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Sound Analysis.

I analyzed Solaris sound performance across different sources while playing a variety of my test tracks, such as Agnes Obel “The curse”, Sandro Cavazza “So much better” (Avicii remix), C-Bool “Never go away”, Ed Sheeran “Shape of you”, Galantis “Hunter”, Iggy Azalea “Black widow”, Indila “Boite en argent”, Robin Schultz “Oh child”, David Elias “Vision of her”, and Michael Jackson “Dirty Diana”.

By suggestion of manufacturer, I let Solaris burn in for 100hrs (playing continuously in a loop) until I was ready to start with a more detailed listening.  I did take periodic notes while going through burn in, and noticed some fluctuation in bass quantity and treble peaks, to the point where at first I had to switch to foam eartips to tame down some sparkle while I settled in on Final Audio silicone tips toward the end of the burn in to bring sparkle back.  As of now, I have close to 200hrs on Solaris, and the following sound analysis is based on the pair in my ears.  Recently, I have been asked if I heard other Solaris IEMs, to compare for consistency.  I haven’t yet, not until the next CanJam NYC which is in about 6 weeks.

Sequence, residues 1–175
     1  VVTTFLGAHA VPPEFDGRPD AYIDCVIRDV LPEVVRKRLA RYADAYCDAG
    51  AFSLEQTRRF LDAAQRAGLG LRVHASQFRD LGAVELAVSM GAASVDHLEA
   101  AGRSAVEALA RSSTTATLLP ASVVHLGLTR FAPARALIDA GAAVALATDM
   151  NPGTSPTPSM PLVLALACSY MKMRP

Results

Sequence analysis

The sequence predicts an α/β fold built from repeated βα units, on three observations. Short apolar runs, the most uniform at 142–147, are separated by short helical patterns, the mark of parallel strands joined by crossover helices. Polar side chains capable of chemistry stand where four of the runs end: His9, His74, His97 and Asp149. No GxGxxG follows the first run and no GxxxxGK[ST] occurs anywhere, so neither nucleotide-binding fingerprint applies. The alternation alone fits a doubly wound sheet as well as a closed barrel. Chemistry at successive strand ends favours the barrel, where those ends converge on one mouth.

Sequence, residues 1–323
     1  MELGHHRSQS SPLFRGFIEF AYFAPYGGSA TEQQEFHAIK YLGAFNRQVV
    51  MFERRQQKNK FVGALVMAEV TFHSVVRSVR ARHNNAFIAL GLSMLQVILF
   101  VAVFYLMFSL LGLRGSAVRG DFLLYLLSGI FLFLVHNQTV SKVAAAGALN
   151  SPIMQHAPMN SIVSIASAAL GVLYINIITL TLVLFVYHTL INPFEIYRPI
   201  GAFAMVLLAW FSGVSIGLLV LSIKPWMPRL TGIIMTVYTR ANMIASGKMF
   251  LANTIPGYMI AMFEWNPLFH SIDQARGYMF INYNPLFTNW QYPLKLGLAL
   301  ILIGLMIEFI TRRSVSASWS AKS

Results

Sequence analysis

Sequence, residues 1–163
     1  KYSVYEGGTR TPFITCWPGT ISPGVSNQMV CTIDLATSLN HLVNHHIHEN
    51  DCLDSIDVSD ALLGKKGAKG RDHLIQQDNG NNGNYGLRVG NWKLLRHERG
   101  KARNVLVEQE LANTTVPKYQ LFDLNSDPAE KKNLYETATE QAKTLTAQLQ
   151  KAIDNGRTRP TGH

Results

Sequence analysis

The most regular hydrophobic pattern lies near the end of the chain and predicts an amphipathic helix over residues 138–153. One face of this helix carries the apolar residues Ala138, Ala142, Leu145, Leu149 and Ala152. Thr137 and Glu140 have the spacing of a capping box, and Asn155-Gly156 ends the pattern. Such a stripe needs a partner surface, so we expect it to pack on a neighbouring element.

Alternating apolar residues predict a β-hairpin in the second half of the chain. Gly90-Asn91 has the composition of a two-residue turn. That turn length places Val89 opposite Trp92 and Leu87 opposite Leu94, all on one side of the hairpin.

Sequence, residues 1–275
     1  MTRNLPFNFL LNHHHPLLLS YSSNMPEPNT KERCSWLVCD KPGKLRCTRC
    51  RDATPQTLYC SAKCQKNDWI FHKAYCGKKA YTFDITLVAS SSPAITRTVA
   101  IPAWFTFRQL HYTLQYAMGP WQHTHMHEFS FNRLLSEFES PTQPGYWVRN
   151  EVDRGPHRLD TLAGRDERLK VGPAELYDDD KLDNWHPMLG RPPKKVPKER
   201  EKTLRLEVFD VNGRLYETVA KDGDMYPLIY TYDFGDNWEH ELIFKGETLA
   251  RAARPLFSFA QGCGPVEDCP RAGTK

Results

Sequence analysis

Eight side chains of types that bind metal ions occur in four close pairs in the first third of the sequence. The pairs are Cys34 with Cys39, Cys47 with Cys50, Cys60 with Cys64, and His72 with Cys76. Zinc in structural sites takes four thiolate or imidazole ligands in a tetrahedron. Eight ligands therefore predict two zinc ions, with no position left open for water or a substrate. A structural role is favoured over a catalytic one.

I hear Solaris as having a very natural tonality with a balanced tuned sound signature.  Depending on pair up with different sources, sometimes I hear bass being a little more neutral which gives mids a bit more forward presentation or the other way around with bass hitting a little harder which pulls mids slightly back.  But overall, I hear the sound to be relatively balanced where nothing is too forward or recessed, and lows, mids, and treble are in a perfect coherent harmony with a realistic representation of instrument timbre and vocals tonality.

Lately, it’s not as common to hear this sound in a hybrid design since a number of other hybrid IEMs have a more clear distinction between dynamic lows and more forward revealing mids/highs. Based on what I’m hearing here, I believe the balanced signature of Solaris is achieved thanks to its coherent driver tuning where the lows/mids dynamic driver blends seamlessly with mids BA driver, and two high BAs extend the treble with a well-controlled detailed non-fatigue definition.